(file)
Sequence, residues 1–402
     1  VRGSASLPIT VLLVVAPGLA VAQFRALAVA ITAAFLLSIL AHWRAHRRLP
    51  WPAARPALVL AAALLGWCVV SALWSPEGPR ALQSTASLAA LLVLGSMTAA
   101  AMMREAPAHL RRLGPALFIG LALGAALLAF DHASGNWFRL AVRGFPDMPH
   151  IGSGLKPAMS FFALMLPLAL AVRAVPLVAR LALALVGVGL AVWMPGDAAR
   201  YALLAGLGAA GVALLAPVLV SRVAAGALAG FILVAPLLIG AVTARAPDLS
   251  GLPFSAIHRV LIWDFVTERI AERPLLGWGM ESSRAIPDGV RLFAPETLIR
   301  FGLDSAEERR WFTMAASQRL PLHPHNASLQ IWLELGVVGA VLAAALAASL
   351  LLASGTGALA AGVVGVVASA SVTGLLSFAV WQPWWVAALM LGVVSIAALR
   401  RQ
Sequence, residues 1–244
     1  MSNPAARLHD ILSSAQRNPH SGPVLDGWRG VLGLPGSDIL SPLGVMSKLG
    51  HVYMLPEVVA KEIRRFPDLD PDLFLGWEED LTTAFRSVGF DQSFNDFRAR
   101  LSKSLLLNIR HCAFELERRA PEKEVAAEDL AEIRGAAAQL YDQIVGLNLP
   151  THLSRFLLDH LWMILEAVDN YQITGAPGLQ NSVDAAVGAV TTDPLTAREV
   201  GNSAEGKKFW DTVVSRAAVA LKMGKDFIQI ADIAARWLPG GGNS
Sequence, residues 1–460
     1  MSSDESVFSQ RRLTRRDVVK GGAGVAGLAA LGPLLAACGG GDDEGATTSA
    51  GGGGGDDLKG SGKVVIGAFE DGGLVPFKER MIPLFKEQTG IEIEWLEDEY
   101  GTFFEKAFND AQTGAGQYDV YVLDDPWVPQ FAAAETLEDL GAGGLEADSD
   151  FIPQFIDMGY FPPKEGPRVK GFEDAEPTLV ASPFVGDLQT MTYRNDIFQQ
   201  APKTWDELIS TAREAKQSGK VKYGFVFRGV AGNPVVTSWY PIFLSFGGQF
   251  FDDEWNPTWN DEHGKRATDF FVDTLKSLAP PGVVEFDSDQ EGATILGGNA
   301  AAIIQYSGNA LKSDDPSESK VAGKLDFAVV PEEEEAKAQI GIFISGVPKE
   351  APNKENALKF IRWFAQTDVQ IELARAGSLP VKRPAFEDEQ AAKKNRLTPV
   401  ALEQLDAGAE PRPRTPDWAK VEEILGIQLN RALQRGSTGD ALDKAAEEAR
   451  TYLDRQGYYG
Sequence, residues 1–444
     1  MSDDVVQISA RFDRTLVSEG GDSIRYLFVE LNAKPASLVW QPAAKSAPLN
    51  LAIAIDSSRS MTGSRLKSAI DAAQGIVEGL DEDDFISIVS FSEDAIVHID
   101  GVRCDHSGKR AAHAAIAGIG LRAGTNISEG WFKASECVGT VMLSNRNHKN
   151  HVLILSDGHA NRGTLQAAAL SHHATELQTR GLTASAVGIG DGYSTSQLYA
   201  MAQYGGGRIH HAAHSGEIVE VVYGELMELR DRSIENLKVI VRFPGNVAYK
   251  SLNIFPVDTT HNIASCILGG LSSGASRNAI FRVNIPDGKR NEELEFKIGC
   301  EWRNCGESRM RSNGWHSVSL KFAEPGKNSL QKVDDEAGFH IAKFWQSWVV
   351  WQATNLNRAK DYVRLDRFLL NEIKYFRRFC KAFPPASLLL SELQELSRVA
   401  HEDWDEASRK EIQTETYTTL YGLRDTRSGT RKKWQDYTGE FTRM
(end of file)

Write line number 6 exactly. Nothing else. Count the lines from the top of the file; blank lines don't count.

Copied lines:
   201  YALLAGLGAA GVALLAPVLV SRVAAGALAG FILVAPLLIG AVTARAPDLS